You need two important skills to become a successful trader. First is the ability to pick the right markets. The second is the ability to think on your feet when the market turns against you and knowing when to exit a position.
While many trading techniques and strategies teach these skills, conventional trading wisdom insists the proper way to protect yourself from losses is to use a stop order. While stops are useful, there are inherent problems that can be overcome by using options as an alternative. When you compare stops and options side by side, options have properties that are clearly favorable for those looking to protect a position. Let's see how the use of stops and options stand up in fast-moving markets.
- A stop-loss order is designed to limit an investor's loss on a position by triggering a sale when the market turns against you.
- The stop loss, however, is sort of a blunt instrument that can have unexpected outcomes in a highly volatile market.
- Using options contracts, such as a protective put, to limit losses is a viable alternative that can be more finely tuned and customized, but may also come with extra up-front cost.
Disadvantages of Stop Losses
Once the price of a security surpasses a predefined entry/exit point, the stop order becomes a market order. On the face of it, a stop order looks like a great tool. You pick a trade and if the market moves against you, your stop is triggered and you are kicked out for a loss.
Unfortunately, a stop order is somewhat like the emergency brake in your car. While it does the job, there is little finesse or control in how and when the car stops. In other words, when a stop is triggered and it becomes a market order, almost anything can happen.
Several market scenarios expose the inherent flaws of stops and their inability to protect you from unexpected losses. Whether it's fast-moving markets, consolidating markets, or fundamental shifts in supply and demand, stops force traders to jump ship. This is a one-size-fits-all solution that's better handled by using options to ease out of the position, shift market time frames or reverse the position.
Options As an Alternative
When you use a stop-loss order in a fast-moving market, there is no guarantee that you will receive your stop price. Since the stop is a reactionary tool designed to get you out of the market immediately when you are losing money, there is a good chance the fill price will be worse than the price you set in the order. This is known as slippage.
For example, if you go long gold futures at $1280 and set your stop at $1270, hoping to limit a loss to $1,000 ($1 decline in contract price = $100 loss). However, if your stop is triggered in a fast-moving market, it turns into a market order and you may not exit until $1265, generating a $1500 loss, or 50% more than you had anticipated.
On the other hand, if you use an option with a strike price of $1270 instead of a stop in the same market, you can't lose more than the strike price.
Advantages of Using Options
Of course, you have to pay for the option's premium, but two things can work in your favor. First, out-of-the-money options typically cost less than in-the-money options. Also, options that gain value when there is an opposite move to the current market's trend tend to have less volatility, which tends to make them less expensive. The use of an option in this way is known as a hard stop and is the easiest way to directly control slippage while managing loss.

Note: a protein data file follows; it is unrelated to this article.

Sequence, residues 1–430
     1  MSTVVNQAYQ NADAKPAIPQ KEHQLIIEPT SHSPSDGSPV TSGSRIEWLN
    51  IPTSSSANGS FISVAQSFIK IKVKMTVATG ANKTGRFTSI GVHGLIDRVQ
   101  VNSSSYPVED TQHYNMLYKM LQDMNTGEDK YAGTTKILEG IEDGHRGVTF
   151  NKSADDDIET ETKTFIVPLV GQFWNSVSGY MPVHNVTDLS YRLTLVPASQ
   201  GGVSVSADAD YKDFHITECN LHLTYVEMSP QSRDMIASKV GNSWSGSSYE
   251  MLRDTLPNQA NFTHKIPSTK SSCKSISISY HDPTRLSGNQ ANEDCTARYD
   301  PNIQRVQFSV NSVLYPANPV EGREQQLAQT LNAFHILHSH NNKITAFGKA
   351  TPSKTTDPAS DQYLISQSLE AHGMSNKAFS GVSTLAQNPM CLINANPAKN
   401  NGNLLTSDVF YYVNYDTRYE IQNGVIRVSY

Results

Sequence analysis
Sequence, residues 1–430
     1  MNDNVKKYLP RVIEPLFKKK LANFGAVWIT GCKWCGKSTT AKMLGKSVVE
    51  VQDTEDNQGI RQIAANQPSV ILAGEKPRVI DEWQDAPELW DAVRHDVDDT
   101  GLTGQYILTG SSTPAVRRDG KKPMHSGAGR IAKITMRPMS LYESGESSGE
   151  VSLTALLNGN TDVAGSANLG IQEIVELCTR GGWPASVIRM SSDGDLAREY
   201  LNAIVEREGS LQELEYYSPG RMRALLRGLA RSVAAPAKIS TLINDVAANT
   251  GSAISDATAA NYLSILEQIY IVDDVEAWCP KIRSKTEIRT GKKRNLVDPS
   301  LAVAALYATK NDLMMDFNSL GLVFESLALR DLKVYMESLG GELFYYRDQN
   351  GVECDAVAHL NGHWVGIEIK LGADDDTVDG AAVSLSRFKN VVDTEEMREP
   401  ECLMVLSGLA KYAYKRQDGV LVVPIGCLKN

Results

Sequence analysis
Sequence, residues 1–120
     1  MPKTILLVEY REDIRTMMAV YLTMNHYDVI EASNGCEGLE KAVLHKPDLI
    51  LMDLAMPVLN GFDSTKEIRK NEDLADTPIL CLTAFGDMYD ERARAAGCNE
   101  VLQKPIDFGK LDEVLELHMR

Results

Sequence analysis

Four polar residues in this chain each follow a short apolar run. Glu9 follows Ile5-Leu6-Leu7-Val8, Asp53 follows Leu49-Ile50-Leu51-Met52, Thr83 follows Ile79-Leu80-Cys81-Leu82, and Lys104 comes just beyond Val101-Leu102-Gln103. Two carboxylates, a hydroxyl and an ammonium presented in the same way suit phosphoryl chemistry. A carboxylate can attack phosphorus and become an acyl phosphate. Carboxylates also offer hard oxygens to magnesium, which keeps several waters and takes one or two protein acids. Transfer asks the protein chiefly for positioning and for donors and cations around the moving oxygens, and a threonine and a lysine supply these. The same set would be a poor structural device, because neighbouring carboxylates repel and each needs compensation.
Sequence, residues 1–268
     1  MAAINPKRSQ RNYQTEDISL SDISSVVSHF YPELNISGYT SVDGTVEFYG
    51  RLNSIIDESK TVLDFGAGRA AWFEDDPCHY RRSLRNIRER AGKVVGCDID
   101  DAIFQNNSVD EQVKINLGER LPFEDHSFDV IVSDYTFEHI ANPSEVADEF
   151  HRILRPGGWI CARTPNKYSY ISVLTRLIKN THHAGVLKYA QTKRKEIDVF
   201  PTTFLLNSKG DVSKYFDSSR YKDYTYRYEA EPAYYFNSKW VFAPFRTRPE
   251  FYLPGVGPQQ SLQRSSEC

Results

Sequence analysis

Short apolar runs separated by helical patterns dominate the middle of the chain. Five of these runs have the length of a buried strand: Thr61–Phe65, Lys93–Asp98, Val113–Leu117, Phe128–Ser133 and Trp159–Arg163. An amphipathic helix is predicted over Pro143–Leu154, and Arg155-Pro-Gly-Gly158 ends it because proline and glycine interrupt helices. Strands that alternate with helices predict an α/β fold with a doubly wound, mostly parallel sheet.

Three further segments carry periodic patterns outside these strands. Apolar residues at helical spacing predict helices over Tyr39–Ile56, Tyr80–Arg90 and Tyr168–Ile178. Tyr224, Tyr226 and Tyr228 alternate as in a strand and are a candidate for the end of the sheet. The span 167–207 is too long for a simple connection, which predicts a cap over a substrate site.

One example is the use of a protective put. A put option gives the holder the right to sell the underlying asset at a predetermined strike price, and so the protective put sets a known floor price below which the investor will not continue to lose any added money even as the underlying asset's price continues to fall.
Consolidating markets are a second market condition where stops can work poorly. It is rare for any market to move straight up or down. Unfortunately, you never know if the counter-trend is simply a consolidation or a trend change. Since stops can't differentiate between alternatives, you are forced out and have no stake if the market was simply consolidating and resumes movement in the direction of your original position. This is known as the whipsaw effect.
Stops are an all-or-nothing proposition, leaving little room for consolidation and retracement behavior. So you could be right about the market but stuck on the sidelines because the stop was placed at the wrong price or at the wrong time. However, if you place an option where you would have placed your stop, you can hold onto a losing position for a longer period while determining if the market is consolidating or changing trend.
By having an option in place of a stop during fundamental shifts in the market, you can diminish the impact in two ways. First, you insulate yourself from moves that aggressively erode your position because the option is gaining at the same pace. Second, if the shift doesn't generate a big move but does signal a trend change, you can leg out of the position without chasing the market.
The Bottom Line
Options present a clear alternative to using stops to manage losses. To succeed at this strategy, look at trading in the same way as money managers. Money managers recognize the interdependence of underlying assets and options contracts and a built-in risk management relationship that can diminish losses. Through this approach, they use finesse and control to protect themselves from fast-moving markets, consolidating markets and fundamental shifts in supply and demand.